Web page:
winners. The stock rose $2.33, or 3.0 per cent,
to $79.65. The consumer products giant said
it earned an adjusted profit of 95 cents a share,
four cents better what analysts had expected.
P&G helped lift other consumer staples com-
panies, making the industry the best perform-
ing industry in the S&P 500.
In other trading, the yield on the 10-year
Treasury note fell to 2.49 per cent and the
price of gold rose US$12.30 to US$1,293.60
an ounce. Silver fell four cents to $20.37 an
The price of oil fell to the lowest level since
February 6. Benchmark US crude oil dropped
29 cents to US$97.88 a barrel, and ended the
week with a loss of US$4.21 a barrel, or 4.0
S&P 500 has
its worst week
in 2 years
Trader Timothy Nick works on the floor of the New York Stock Exchange on Friday, August 1,
2014. The US stock market is closing out its worst week in two years.
UK stocks slid the most in more than three weeks, led by
commodity producers, as a private report showed that Chinese
manufacturing expanded at a slower-than-expected pace last
BHP Billiton Ltd, Rio Tinto Group and Glencore Plc each
dropped. Schroders Plc fell 2.6 per cent after its assets under
management missed some analysts forecasts. IAG SA added
2.2 per cent as profit beat estimates. Smith & Nephew Plc rose
3.8 per cent after the medical-device company s revenue topped
The FTSE 100 Index lost 50.93 points, or 0.8 per cent, to
6,679.18 at the close in London, extending its decline this week
to 1.8 per cent. The benchmark gauge today pared earlier declines
of as much as 1.6 per cent after a U.S. Labor Department report
showed that employers added more than 200,000 jobs for the
sixth straight month. The broader FTSE All-Share Index fell 0.7
per cent, while Ireland s ISEQ Index retreated 0.7 per cent.
In China, HSBC Holdings Plc s measure of manufacturing
activity climbed to 51.7 in July, missing the median economist
estimate of 52. The government s purchasing managers index
beat projections compiled by Bloomberg News.
BHP Billiton, the world s biggest miner, lost 0.9 per cent to
2,011.5 pence, while Rio Tinto fell 1.1 per cent to 3,354.5 pence.
Glencore slid 1.1 per cent to 356.2 pence, and Randgold Resources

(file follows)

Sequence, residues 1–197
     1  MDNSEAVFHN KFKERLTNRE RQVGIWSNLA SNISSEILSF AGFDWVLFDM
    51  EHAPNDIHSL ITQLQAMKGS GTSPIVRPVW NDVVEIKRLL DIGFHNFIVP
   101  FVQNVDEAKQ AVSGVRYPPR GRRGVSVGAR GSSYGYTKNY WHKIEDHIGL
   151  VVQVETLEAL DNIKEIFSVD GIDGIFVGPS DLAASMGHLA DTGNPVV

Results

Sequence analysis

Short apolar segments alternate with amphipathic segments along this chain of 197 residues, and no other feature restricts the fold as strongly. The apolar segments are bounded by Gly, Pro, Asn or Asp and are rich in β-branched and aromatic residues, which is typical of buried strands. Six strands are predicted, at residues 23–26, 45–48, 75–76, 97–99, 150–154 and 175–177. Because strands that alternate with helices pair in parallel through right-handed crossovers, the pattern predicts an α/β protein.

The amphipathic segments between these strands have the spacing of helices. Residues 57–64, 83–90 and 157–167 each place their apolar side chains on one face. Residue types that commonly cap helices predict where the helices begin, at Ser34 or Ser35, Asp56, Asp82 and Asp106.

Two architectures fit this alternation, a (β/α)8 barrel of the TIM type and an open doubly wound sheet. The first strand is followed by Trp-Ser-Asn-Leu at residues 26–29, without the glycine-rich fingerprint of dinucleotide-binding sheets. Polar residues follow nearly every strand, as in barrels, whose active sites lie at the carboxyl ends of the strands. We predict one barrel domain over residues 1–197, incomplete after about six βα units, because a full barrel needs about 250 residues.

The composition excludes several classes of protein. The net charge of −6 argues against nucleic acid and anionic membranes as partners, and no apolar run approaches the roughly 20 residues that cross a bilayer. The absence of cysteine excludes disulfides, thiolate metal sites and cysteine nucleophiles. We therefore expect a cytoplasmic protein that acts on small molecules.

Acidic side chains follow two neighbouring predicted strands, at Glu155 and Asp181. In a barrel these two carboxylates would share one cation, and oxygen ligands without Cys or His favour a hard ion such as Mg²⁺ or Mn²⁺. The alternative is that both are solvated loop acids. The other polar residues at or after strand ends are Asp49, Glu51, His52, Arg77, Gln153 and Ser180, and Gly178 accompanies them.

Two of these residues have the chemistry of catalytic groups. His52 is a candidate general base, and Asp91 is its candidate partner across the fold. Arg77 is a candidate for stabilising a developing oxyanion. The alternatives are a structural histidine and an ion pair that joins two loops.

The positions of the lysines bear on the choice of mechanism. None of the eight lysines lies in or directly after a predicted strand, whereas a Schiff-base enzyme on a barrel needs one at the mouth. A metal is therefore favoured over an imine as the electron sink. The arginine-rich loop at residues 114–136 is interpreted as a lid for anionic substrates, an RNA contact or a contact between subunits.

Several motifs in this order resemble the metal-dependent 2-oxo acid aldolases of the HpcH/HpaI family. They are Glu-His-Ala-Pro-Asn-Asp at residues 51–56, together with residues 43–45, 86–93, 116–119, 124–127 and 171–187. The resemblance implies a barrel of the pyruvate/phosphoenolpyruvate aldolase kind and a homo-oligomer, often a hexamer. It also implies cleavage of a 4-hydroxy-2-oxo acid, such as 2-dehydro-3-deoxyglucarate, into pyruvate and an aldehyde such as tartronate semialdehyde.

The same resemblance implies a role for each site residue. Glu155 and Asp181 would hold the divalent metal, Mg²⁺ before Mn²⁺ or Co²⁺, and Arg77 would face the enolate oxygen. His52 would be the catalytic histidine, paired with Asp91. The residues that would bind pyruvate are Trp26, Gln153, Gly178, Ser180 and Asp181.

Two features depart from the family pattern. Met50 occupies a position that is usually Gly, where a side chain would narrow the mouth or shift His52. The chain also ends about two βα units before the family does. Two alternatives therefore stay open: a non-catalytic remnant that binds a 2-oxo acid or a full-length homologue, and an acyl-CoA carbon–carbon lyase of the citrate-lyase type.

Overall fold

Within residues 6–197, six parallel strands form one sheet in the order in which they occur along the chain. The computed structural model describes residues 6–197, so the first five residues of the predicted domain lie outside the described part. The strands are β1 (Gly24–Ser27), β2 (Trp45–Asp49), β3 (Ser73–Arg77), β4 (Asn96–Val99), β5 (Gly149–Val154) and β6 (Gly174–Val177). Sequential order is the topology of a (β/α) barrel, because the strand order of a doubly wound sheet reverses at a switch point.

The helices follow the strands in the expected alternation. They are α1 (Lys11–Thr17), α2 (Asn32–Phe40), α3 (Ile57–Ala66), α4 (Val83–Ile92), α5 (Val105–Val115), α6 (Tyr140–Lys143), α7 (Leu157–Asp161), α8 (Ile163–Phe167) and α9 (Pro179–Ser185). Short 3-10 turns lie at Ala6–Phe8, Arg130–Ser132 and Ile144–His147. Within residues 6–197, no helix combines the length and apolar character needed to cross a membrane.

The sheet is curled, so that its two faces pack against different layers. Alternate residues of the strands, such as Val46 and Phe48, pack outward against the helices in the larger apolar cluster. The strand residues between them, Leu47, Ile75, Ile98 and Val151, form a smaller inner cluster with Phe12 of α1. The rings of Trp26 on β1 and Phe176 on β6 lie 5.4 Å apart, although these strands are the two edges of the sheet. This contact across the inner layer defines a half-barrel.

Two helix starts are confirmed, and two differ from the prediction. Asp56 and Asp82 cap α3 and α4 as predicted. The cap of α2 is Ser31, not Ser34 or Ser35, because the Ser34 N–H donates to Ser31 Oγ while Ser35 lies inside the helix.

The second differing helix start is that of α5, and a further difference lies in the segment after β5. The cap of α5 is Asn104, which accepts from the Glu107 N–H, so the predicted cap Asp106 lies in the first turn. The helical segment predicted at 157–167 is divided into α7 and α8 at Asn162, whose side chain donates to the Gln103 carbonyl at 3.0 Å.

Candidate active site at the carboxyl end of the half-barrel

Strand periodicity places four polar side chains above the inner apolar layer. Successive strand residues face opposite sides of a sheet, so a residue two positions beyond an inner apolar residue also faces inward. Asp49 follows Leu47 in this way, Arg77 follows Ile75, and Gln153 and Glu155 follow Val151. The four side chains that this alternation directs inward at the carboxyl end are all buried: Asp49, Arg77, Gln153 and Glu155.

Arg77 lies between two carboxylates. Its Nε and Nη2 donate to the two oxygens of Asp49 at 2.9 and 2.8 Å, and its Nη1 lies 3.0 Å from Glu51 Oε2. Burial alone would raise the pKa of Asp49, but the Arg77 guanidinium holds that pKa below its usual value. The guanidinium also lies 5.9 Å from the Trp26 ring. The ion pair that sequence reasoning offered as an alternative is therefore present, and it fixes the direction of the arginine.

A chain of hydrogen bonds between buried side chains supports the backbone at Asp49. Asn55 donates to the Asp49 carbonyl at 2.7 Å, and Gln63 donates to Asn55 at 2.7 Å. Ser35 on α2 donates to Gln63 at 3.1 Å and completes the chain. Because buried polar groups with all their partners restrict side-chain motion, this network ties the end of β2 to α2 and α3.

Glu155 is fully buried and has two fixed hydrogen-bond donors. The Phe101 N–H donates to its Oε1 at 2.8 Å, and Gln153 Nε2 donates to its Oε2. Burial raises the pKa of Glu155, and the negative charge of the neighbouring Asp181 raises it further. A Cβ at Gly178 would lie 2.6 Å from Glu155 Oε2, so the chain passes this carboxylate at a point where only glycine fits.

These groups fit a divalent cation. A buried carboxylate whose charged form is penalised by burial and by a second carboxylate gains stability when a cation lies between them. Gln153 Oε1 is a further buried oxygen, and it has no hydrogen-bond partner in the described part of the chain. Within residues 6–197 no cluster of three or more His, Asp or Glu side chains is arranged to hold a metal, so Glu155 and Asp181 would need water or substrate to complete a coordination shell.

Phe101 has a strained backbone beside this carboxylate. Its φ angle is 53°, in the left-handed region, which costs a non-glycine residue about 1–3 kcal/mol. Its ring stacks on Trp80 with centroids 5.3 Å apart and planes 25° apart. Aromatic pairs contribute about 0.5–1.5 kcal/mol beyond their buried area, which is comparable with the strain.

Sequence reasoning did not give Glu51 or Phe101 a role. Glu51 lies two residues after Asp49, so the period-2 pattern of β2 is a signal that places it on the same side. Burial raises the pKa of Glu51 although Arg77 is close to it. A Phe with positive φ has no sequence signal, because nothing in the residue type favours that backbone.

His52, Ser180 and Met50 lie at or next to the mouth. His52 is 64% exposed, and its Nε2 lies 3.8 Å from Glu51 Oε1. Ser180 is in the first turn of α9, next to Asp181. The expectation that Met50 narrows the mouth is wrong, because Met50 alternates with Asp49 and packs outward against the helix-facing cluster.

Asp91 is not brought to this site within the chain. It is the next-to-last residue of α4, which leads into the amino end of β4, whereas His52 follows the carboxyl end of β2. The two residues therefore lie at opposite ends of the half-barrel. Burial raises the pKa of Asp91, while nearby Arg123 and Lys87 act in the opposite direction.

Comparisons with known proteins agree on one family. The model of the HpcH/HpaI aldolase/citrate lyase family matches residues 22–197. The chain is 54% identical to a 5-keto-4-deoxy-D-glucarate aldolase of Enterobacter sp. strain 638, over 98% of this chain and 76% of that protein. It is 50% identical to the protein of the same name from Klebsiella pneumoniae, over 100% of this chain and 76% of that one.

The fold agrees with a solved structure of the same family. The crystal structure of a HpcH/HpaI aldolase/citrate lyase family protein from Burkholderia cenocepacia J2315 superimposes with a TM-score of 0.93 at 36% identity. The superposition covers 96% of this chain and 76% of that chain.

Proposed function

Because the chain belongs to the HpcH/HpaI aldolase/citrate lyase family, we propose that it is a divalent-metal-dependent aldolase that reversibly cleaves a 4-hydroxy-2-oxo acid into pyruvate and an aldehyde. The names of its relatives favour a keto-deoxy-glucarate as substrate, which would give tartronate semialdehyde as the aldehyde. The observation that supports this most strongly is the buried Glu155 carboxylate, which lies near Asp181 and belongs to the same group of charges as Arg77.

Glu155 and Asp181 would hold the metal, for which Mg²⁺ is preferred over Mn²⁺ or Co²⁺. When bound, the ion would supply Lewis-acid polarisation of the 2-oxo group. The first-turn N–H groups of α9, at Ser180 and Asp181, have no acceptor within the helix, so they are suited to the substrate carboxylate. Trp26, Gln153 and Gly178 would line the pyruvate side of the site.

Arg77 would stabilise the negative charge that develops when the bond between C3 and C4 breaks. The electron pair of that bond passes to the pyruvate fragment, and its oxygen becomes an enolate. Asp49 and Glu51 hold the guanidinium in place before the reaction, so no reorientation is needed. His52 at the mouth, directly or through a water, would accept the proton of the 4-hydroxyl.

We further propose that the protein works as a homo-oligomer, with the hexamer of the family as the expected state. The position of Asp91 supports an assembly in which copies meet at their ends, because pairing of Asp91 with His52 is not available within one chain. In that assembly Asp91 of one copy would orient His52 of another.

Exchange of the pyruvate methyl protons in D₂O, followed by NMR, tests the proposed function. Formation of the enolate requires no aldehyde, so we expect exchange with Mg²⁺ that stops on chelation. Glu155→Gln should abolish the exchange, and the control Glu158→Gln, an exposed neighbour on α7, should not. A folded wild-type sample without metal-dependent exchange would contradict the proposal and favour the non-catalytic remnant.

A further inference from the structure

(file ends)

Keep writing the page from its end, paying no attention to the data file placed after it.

Ltd. lost 1.1 per cent to 5,065 pence.
UK manufacturing grew at the slowest pace in a year, a Markit
Economics report showed. The PMI retreated to 55.4 in July,
missing the median economist forecast of 57.2. Markit revised
its reading for June down to 57.2.
European stocks down as well
Meanwhile, European stocks fell to the lowest level in more
than three months as companies including ArcelorMittal (MT)
and Vinci SA posted worse-than-expected earnings.
ArcelorMittal dropped the most since October 2012 after also
lowering its full-year profit forecast. Vinci slipped the most in
almost three years. Iliad SA retreated 7 percent after offering $15
billion for a controlling stake in T-Mobile US Inc. Belgacom SA
gained 4.8 percent after raising its full-year earnings outlook.
Vinci slipped 6.3 percent to 48.36 euros. Europe s biggest
builder reported first-half earnings before interest and taxes of
1.54 billion euros ($2.1 billion), missing the median analyst pre-
diction of 1.63 billion euros. Vinci also forecast a drop in 2014
revenue, compared with an earlier projection of little change.
The Stoxx Europe 600 Index fell 1.2 percent to 331.91 at the
close of trading. It pared an earlier drop of as much as 1.5 percent
as worse-than-forecast U.S. payrolls data increased optimism
the Federal Reserve will keep interest rates low for longer. The
benchmark gauge trades at 15 times estimated earnings, near
last month s four-and-a-half year high of 15.7, data compiled
by Bloomberg show.
"In Europe, we re seeing a weak economy with very bad cur-
rency effects on companies and unattractive valuations," said
Jacques Porta, who helps oversee $780 million at Ofi Gestion
Privee in Paris. "That doesn t give investors a good feeling about
buying the market. We ve seen weak results in Europe, so sen-
timent is turning bearish."
A Markit Economics purchasing managers index of euro-
zone manufacturing was unchanged in July at 51.8. Economists
had called for 51.9. A reading above 50 means activity increased.
A PMI index for the U.K. fell to the lowest level in a year, while
a measure of manufacturing in Italy missed estimates, posting
growth at the slowest pace in eight months.
National benchmark indexes fell in 16 of the 17 western-Euro-
pean markets open today. Markets in Switzerland are closed for
the National Day holiday. The U.K. s FTSE 100 Index lost 0.8
percent, France s CAC 40 slid 1 percent and Germany s DAX
tumbled 2.1 percent. All three indexes have erased their gains
for the year.
UK stocks slide as miners drop